In some cases, as Defendant may have a legitimate and lawful reason to discriminate based on age, sex, or any other protected status. When a Defendant claims that the decision to take an adverse employment action against plaintiff was lawful because Defendant was entitled to consider the protected status as a job requirement, the Defendant is bringing up a bona fide occupational qualification affirmative defense.
- That the job requirement was reasonably necessary for the operation of Defendant’s business;
- That defendant had a reasonable basis for believing that substantially all members of such protected group are unable to safely and efficiently perform that job;
- That it was impossible or highly impractical to consider whether each member of the protected group was able to safely and efficiently able perform the job; and
- That it was impossible or highly impractical for defendant to rearrange job responsibilities to avoid using the protected status as a job requirement.
The source of the bona fide occupational qualification is Ca Gov’t Code section 12940, which provides that certain discriminatory employment practices are not unlawful if “based upon a bona fide occupational qualification.”
The Fair Employment and Housing Commission’s regulations provide: “Where an employer … has a practice which on its face excludes an entire group of individuals on a basis enumerated in the [FEHA], … the employer … must prove that the practice is justified because all or substantially all of the excluded individuals are unable to safely and efficiently perform the job in question and because the essence of the business operation would otherwise be undermined.” (Cal. Code Regs., tit. 2, § 7286.7(a).)
Federal title VII provides that “a bona fide occupational qualification [is] reasonably necessary to the normal operation of [the] particular business or enterprise.” (42 U.S.C. § 2000e-2(e)(1).)
The BFOQ defense is a narrow exception to the general prohibition on discrimination. ( Bohemian Club v. Fair Employment & Housing Com. (1986) 187 Cal.App.3d 1, 19 [231 Cal.Rptr. 769] ; International Union, United Automobile, Aerospace and Agricultural Implement Workers of America, UAW v. Johnson Controls, Inc. (1991) 499 U.S. 187, 201 [111 S.Ct. 1196, 113 L.Ed.2d 158] .)
” ‘[I]n order to rely on the bona fide occupational qualification exception an employer has the burden of proving that he had reasonable cause to believe, that is, a factual basis for believing, that all or substantially all women would be unable to perform safely and efficiently the duties of the job involved.’ ” ( Bohemian Club, supra, 187 Cal.App.3d at p. 19 , quoting Weeks v. Southern Bell Telephone & Telegraph Co. (5th Cir. 1969) 408 F.2d 228, 235 .)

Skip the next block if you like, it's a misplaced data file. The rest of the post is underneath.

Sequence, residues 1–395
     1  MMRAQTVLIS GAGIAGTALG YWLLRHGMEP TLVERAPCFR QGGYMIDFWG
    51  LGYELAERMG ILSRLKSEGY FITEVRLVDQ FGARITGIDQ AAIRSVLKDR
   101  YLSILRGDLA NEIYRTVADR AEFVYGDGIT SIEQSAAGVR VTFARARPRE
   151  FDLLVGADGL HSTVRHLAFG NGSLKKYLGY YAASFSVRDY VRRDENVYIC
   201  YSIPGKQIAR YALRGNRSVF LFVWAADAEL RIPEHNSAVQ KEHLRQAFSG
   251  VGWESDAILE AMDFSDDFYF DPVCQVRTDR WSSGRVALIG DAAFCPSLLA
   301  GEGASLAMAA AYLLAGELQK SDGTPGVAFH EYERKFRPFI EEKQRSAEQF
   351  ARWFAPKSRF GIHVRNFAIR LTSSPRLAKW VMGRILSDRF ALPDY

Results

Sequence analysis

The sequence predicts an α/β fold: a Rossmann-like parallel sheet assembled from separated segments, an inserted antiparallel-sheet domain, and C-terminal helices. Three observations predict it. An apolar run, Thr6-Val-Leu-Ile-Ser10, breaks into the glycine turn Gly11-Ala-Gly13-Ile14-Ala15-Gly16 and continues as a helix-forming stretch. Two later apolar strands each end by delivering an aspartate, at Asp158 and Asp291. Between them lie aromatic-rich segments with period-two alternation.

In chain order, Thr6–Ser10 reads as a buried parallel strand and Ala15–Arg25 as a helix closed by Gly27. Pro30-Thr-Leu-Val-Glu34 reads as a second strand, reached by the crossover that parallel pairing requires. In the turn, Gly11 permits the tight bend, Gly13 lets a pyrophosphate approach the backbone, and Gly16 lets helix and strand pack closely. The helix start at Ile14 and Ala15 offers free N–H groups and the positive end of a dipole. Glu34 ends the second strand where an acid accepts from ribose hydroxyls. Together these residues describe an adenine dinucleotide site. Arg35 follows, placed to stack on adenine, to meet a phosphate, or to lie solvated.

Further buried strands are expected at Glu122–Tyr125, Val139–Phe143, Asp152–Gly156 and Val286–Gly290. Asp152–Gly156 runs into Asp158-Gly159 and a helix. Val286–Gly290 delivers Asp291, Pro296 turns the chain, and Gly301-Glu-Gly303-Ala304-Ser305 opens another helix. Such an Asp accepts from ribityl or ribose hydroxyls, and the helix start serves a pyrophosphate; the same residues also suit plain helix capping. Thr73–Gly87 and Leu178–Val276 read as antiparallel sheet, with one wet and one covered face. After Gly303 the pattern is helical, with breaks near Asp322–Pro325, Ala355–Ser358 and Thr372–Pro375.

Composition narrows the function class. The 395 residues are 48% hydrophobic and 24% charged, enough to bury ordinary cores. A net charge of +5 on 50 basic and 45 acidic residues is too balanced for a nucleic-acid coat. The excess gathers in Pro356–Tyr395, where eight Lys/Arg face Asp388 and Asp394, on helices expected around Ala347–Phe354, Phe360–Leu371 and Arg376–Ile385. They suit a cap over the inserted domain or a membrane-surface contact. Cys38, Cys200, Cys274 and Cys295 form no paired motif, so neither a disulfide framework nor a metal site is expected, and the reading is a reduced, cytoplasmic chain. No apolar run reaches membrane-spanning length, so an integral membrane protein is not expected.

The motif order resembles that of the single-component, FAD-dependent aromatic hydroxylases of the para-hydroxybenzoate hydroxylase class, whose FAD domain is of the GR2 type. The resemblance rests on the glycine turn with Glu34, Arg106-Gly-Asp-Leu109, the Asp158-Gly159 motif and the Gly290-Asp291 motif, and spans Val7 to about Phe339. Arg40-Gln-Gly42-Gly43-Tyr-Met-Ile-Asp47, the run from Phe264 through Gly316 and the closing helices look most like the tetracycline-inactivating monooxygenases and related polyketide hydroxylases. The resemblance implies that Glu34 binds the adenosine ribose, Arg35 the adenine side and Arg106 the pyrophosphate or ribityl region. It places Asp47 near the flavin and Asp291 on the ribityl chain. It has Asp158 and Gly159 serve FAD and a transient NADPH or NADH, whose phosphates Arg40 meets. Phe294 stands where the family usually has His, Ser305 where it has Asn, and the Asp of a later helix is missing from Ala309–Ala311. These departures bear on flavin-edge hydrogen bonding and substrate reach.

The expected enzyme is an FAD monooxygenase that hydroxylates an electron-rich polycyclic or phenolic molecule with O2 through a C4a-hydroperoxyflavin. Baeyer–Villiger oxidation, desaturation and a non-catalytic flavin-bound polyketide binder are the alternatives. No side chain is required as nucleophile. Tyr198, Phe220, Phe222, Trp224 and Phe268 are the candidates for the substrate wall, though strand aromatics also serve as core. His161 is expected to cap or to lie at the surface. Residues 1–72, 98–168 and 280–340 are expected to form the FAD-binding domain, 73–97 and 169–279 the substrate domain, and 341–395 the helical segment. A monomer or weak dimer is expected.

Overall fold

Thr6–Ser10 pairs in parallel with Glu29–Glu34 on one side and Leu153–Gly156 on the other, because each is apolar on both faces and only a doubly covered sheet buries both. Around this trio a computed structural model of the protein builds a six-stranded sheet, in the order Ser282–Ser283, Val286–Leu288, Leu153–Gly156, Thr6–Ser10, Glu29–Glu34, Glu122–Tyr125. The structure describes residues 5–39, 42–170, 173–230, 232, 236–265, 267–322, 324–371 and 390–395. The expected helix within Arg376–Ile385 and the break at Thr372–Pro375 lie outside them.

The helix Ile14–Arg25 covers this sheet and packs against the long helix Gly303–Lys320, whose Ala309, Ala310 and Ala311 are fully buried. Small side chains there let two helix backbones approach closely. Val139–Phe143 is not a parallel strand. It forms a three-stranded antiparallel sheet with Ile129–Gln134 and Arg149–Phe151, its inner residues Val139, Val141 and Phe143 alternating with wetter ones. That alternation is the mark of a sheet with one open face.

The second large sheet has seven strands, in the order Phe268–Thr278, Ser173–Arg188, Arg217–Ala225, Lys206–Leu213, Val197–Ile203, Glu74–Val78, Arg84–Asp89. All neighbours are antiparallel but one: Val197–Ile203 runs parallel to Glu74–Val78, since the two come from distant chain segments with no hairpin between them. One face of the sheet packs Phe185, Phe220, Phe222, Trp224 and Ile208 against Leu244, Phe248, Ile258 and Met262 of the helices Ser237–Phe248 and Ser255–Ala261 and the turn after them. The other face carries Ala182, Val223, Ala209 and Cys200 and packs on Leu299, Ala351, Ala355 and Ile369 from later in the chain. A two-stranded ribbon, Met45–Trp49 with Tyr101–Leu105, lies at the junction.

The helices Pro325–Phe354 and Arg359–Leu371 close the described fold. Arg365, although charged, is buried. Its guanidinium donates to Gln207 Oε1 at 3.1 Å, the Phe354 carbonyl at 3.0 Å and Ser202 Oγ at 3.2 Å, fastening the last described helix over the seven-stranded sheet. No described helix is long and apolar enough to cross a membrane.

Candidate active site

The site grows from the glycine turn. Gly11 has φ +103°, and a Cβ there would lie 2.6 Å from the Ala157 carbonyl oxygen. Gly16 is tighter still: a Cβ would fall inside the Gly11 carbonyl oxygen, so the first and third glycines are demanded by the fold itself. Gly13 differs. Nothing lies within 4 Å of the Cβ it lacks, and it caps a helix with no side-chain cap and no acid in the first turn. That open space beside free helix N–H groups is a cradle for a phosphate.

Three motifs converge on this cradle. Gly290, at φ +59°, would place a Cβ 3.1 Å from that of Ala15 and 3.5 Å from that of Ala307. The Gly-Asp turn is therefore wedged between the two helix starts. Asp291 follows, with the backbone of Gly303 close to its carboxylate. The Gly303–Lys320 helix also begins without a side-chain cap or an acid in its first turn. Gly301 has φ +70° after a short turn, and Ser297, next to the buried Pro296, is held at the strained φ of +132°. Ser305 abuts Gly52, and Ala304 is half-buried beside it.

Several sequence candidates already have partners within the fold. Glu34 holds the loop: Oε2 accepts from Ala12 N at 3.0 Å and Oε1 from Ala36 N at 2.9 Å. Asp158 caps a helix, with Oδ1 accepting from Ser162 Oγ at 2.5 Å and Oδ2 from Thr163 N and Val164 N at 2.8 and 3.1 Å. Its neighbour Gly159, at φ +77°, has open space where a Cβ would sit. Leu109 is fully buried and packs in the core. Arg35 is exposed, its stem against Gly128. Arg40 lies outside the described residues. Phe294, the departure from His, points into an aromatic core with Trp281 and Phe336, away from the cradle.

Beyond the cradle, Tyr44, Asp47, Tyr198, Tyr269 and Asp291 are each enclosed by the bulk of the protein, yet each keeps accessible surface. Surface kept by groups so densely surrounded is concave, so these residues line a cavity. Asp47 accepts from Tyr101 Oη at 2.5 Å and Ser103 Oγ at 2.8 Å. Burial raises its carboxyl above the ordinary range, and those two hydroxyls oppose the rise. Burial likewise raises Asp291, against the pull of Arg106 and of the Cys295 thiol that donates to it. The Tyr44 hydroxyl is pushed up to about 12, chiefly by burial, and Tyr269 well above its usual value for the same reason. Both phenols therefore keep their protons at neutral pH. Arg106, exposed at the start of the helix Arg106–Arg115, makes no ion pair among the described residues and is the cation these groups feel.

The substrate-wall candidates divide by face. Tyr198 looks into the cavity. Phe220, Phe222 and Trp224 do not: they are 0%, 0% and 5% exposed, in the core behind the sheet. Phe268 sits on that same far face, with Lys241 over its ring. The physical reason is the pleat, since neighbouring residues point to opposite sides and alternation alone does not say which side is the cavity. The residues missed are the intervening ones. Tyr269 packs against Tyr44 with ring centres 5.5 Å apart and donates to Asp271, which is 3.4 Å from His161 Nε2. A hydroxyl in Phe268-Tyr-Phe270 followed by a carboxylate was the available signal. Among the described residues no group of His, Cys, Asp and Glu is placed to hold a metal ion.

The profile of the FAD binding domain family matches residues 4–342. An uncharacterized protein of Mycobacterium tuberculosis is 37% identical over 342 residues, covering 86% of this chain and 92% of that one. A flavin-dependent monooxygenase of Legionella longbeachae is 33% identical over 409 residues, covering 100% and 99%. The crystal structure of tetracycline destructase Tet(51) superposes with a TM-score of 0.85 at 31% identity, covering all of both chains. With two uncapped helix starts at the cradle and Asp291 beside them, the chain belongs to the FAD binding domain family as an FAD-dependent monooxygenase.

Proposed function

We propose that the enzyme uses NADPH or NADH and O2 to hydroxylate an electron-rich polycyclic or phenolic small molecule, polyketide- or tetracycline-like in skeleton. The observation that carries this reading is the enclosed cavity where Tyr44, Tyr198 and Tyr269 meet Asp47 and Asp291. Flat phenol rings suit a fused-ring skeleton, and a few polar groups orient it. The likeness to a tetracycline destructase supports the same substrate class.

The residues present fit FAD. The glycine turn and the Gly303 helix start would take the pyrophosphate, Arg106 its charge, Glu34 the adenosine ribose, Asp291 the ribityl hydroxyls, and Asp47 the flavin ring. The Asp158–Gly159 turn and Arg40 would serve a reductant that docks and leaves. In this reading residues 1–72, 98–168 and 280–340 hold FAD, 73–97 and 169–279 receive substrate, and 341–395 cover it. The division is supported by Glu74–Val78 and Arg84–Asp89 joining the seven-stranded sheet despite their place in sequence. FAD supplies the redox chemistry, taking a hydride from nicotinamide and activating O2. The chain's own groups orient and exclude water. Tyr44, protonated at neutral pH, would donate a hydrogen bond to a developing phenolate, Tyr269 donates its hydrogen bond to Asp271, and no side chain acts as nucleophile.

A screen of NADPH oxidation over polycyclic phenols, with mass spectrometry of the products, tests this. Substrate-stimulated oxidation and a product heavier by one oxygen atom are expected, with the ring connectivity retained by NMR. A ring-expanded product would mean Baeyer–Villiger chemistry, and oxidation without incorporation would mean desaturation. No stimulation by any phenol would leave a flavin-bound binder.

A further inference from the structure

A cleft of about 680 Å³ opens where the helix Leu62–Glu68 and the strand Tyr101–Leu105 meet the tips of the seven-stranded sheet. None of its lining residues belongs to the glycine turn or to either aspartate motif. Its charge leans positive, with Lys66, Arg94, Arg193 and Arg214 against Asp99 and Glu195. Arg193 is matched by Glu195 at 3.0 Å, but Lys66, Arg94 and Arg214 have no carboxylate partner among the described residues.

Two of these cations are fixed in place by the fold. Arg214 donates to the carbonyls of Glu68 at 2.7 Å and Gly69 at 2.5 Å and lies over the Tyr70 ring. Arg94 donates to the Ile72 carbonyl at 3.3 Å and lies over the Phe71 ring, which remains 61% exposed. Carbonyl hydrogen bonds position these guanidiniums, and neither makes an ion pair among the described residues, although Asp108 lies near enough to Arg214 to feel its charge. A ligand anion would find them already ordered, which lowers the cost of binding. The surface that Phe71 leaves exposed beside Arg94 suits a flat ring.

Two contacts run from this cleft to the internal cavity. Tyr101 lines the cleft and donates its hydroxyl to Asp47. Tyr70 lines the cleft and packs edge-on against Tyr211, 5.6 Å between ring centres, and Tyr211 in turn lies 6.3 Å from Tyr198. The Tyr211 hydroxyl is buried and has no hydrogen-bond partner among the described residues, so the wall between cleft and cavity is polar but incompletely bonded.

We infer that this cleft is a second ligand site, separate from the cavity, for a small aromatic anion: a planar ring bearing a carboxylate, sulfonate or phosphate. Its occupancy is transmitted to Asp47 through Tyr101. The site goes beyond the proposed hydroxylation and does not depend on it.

“First, the employer must demonstrate that the occupational qualification is ‘reasonably necessary to the normal operation of [the] particular business.’ Secondly, the employer must show that the categorical exclusion based on [the] protected class characteristic is justified, i.e., that ‘all or substantially all’ of the persons with the subject class characteristic fail to satisfy the occupational qualification.” ( Johnson Controls, Inc. v. Fair Employment & Housing Com. (1990) 218 Cal.App.3d 517, 540 [267 Cal.Rptr. 158] , quoting Weeks, supra, 408 F.2d at p. 235 .)
“Even if an employer can demonstrate that certain jobs require members of one sex, the employer must also ‘bear the burden of proving that because of the nature of the operation of the business they could not rearrange job responsibilities …’ in order to reduce the BFOQ necessity.” ( Johnson Controls, Inc., supra, 218 Cal.App.3d at p. 541 ; see Hardin v. Stynchcomb (11th Cir. 1982) 691 F.2d 1364, 1370-1371 .)
“Alternatively, the employer could establish that age was a legitimate proxy for the safety-related job qualifications by proving that it is ‘impossible or highly impractical’ to deal with the older employees on an individualized basis.” ( Western Airlines, Inc. v. Criswell (1985) 472 U.S. 400, 414-415 [105 S.Ct. 2743, 86 L.Ed.2d 321] , internal citation and footnote omitted.)
“The Fair Employment and Housing Commission has interpreted the BFOQ defense in a manner incorporating all of the federal requirements necessary for its establishment. … [P] The standards of the Commission are … in harmony with federal law regarding the availability of a BFOQ defense.” ( Bohemian Club, supra, 187 Cal.App.3d at p. 19 .)
“By modifying ‘qualification’ with ‘occupational,’ Congress narrowed the term to qualifications that affect an employee’s ability to do the job.” ( International Union, United Automobile, Aerospace and Agricultural Implement Workers of America, UAW, supra, 499 U.S. at p. 201. )